What is it?
The all-new Honda Accord saloon has just hit the showrooms and this - surprise, surprise - is the more practical version of it. However you’ll have to wait until September before this one goes on sale.
There’s a £1300 premium, model for model, but the line-up is identical to the four-door’s. So there’s four well equipped trim options and the same three engine choices: 2.0 and 2.4-litre petrol engines and a 148bhp 2.2-litre turbodiesel which we’ve been driving.
What’s it like?
The clue’s in the ‘Tourer’ monicker, so the Accord wagon isn’t the ultimate wardrobe carrier. A Mondeo estate, for instance, is far more commodious, as are a whole host of other similarly priced wagons. It has other annoyances for the estate purist.
There are sizeable suspension turret intrusions into the load bay and its rear seats don’t fold completely flat, causing problems when you want to slide in long loads.
Yet this new Accord Tourer still holds some desire and arguably more than the saloon. It is, to these eyes at least, far more stylish for a start.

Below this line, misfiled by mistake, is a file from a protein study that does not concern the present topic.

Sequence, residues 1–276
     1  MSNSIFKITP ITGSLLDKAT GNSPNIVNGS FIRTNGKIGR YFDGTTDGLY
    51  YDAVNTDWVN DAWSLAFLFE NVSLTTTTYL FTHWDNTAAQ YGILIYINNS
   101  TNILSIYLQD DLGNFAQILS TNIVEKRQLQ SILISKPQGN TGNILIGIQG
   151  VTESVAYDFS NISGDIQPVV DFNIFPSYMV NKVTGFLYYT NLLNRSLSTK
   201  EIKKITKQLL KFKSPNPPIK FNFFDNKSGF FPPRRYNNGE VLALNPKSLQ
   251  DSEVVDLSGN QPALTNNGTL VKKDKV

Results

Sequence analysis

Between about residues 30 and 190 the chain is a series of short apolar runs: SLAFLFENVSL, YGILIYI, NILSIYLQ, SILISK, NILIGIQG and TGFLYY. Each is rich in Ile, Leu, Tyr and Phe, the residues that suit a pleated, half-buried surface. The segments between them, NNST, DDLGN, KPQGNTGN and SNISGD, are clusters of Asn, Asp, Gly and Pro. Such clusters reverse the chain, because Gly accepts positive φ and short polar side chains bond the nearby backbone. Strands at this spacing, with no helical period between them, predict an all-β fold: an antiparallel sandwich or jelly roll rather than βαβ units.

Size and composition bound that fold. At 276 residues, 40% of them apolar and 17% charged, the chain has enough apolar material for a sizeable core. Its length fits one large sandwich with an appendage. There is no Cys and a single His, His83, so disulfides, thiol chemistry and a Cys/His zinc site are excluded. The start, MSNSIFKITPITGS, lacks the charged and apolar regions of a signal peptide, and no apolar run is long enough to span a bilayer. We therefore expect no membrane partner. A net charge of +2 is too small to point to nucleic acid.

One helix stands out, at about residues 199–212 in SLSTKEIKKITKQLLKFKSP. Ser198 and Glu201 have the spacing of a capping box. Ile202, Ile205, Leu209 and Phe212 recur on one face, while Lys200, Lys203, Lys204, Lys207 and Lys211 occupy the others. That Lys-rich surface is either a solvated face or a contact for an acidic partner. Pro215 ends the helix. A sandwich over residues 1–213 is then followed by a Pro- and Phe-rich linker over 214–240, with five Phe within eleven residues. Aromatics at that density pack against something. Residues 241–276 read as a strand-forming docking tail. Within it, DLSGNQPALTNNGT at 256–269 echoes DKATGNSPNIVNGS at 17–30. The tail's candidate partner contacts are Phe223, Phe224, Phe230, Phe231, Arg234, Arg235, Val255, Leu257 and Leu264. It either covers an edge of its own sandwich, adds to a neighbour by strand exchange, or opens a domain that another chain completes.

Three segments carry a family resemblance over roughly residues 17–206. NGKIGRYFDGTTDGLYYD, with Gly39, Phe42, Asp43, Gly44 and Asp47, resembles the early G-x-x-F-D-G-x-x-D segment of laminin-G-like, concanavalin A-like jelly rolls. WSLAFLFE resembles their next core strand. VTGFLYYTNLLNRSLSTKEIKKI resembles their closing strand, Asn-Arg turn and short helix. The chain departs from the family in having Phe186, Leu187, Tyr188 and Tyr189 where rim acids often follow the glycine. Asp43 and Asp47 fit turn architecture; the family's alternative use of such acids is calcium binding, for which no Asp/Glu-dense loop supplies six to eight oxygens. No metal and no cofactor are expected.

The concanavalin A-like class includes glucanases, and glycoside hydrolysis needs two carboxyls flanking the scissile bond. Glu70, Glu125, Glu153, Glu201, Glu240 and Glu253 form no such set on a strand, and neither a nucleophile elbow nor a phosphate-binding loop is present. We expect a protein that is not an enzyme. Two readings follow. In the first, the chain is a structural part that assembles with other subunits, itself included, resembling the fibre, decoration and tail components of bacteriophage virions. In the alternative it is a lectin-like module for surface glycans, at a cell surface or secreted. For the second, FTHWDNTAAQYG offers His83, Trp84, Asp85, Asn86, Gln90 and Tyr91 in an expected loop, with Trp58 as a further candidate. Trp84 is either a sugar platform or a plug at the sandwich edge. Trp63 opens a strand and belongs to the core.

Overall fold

It’s also replete with the sort of touches that make living with a wagon pleasurable: under-floor stowage, lashing hooks and large side panniers for a start.
It’s also got a low loading floor, and a wide tailgate. So if you don’t want the ultimate in carrying capacity it makes a lot of sense. Up front and on the move the experience is akin to the saloon.
We’ve become accustomed to solid-feeling Hondas, but the new Accord moves the game on by several degrees – few cars in this price range feel quite so well made.
There are high levels of comfort too. Whether or not you like the way the new dash looks and works is a matter of taste and familiarity. However we suspect it would take countless hours behind the wheel to get used to what the myriad buttons and switches actually do: it’s an assault on virtually all the senses.
The 2.2 diesel version that we tested had the same excellent noise-suppression abilities as the four-door, although it needs to be worked hard to give its best.
On our car’s 17-inch wheels it also has the same mildly knobbly low-speed ride quality, although the chassis becomes noticeably more supple when you’re up to cruising pace. At all times though it’s an extremely tidy handler.
So, should I buy one?
There’s no doubt that the Accord saloon is an appealing proposition, but it’s even more so with the Tourer. The wagon is better looking and far more desirable than the four-door and the £1300 premium looks reasonable in this regard.
The Honda is well-equipped and has reasonable running costs. It should cling onto its value better than the class average too. So while it’s not the ultimate estate, it looks like being a desirable one.